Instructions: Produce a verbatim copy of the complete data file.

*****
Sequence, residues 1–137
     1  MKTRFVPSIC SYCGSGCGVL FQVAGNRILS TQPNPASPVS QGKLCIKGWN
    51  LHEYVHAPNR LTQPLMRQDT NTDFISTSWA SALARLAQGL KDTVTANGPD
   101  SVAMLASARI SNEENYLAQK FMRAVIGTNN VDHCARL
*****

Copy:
Sequence, residues 1–137
     1  MKTRFVPSIC SYCGSGCGVL FQVAGNRILS TQPNPASPVS QGKLCIKGWN
    51  LHEYVHAPNR LTQPLMRQDT NTDFISTSWA SALARLAQGL KDTVTANGPD
   101  SVAMLASARI SNEENYLAQK FMRAVIGTNN VDHCARL